A review of recent posts:

Oil nears all time high 6th February. In Sterling terms, Oil is now making new all time highs so expect another 3-4 pence per litre at the pumps.

Update on recent blogs 25th January. The Yen has started to weaken, I continue to expect further weakness. see chart. AP Moeller short got stopped out but I still fell the stock is not reflecting reality.

Beauty Queen suffers 8th January and Will the next Italy 18th December Both highlight the UK economy and Sterling. I have to admit Sterling has rallied strongly but again I still cannot see anyone wanting to own either Sterling or Gilts once the monthly budget deficit starts reflecting weaker employment and lower tax take overall whilst spending cuts are still just smoke and mirrors.  The Public Sector borrowing figures are released on Tuesday and are possibly the most important of the year. Income taxes peak in January and 2011 saw $33bn vs £27bn in 2010. However, the growth in revenue was halted in the second half of 2011 vs 2010. I would not be surprised to see a below expected figure which will weaken Sterling and Gilts. If this happens, expect even higher prices at the petrol pumps! Happy motoring.

Finally, good luck to Greece. I have made many happy visits to Greece, most memorably to jointly host a large dinner/reception at Posidoina festivals in the 80`s. I believe a Greece free of the Euro would be able to rebuild itself. A 40% weaker currency (Drachma) would see a flood of investment. The many billions shifted abroad by wealthy Greeks would be sucked back. I only hope they can choose politicians who can be trusted and not just lurch to the left as is possible.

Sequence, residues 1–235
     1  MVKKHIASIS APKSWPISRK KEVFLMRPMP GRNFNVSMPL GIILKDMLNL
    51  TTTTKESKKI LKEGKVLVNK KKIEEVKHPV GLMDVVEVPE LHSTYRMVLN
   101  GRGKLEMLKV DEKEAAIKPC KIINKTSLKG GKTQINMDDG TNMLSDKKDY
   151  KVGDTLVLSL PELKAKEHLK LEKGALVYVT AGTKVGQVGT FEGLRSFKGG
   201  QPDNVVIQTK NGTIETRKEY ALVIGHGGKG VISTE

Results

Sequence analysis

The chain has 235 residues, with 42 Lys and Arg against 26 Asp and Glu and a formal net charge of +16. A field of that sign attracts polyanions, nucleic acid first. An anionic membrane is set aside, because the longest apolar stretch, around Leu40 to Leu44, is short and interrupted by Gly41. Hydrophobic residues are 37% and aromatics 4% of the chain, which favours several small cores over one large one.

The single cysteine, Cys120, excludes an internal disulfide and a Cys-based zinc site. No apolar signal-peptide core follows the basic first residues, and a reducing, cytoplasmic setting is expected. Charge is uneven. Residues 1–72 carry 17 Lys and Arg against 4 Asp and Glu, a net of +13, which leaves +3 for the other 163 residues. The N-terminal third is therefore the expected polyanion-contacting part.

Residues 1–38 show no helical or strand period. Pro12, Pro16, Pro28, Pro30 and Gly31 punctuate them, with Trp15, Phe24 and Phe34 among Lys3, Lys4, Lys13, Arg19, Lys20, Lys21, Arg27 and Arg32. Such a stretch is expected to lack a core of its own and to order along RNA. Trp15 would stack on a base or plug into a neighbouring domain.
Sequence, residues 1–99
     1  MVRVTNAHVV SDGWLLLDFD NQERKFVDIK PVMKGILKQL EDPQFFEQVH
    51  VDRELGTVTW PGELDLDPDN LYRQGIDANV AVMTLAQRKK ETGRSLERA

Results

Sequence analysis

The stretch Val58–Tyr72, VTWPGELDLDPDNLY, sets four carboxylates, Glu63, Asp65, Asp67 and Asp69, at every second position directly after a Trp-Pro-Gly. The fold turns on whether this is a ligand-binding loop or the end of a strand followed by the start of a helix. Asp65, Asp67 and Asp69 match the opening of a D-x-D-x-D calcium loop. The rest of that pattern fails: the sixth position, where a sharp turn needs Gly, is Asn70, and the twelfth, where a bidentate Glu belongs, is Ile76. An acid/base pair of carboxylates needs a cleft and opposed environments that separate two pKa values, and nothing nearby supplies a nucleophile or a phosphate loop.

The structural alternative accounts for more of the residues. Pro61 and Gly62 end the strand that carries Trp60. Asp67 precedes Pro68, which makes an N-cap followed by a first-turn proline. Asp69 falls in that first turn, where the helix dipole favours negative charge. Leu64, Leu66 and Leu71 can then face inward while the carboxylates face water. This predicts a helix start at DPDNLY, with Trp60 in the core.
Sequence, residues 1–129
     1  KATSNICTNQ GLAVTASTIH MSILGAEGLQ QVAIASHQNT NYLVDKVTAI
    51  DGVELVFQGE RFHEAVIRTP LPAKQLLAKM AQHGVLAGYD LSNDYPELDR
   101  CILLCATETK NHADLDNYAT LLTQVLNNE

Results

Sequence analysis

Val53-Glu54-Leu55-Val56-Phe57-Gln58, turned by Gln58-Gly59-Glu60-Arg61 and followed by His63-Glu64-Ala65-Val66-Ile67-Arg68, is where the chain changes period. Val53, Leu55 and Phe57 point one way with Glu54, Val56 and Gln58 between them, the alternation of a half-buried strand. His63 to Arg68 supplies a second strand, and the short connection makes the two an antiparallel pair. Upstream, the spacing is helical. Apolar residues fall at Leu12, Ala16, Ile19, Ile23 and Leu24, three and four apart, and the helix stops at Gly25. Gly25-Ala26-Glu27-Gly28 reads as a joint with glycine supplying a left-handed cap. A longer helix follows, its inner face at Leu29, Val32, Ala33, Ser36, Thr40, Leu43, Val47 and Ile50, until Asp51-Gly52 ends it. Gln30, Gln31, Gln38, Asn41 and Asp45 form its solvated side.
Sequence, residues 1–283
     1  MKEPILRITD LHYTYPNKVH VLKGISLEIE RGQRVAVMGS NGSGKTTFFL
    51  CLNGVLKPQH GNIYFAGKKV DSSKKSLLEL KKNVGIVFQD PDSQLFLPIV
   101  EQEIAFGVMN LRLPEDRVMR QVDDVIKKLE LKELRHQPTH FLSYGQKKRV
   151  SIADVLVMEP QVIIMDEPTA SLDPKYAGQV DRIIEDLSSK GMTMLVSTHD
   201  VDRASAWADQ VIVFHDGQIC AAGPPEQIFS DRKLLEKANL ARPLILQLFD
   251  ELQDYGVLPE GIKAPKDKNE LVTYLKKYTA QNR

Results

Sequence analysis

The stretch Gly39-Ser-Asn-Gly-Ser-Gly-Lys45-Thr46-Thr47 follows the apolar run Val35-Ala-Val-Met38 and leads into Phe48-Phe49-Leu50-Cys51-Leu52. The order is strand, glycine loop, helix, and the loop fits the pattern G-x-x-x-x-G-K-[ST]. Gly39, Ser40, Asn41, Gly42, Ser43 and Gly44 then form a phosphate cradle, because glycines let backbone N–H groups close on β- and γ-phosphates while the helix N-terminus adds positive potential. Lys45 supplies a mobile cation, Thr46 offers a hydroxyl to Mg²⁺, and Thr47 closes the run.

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Sunday, February 19th, 2012 China, Debt, Oil, UK, Yen No Comments

The Post is Pony (cockney term).

US Postal Service.

I have mentioned it in the past but following the loss announced today for the xmas trading quarter, my contempt for politicians has deepened. Their ability to kick cans down the road knows no bounds. The debt (postal) at the the US treasury amounts to $15bn. This accumulated loss is not part of the Federal Budget Deficit. Unless action is taken to stem the losses, estimated to be around $14bn in 2012, they will run out of operating cash by the late summer. Sounds just like Greece! With postal volumes falling by 6% annually, expenses have to be cut fast. With over 600,000 employees, many pensioners and high fixed cost base, the weakening year on year volume means action is required soon. The plan submitted by the executive requires 252 sorting offices, 4000 post offices and around 200,000 to be eliminated. Because the losses are not part of the ongoing budget arguments, politicians have been happy to sweep the problem under the carpet. Why do we let these people run our lives!

Is it any wonder that the US economy can continue to grow when the government spends the way it does. I know the most recent GDP numbers reflected stronger private sector growth and weaker federal spending but the huge tax incentive for business to write off spending was bound to stimulate growth. The truth is, the deficit will still grow by $1 trillion in this fiscal. With the developed world in debt up to its eyeballs, someone has got to tell the politicians that the game is up. Make some hard decisions, either we have a very harsh ten years or if they continue with QE etc, eventual world anarchy.

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Thursday, February 9th, 2012 Debt, National Debt 2 Comments

Fantasy Finance 2012

Due to the Greek debt negotiations coming to a climax prior to the original competition close date. I have brought forward the closing date to tomorrow the 10th February at 6pm London time. see earlier blog Fantasy Finance 2012

Thursday, February 9th, 2012 Predictions No Comments

Iron Ore

A barometer of world health.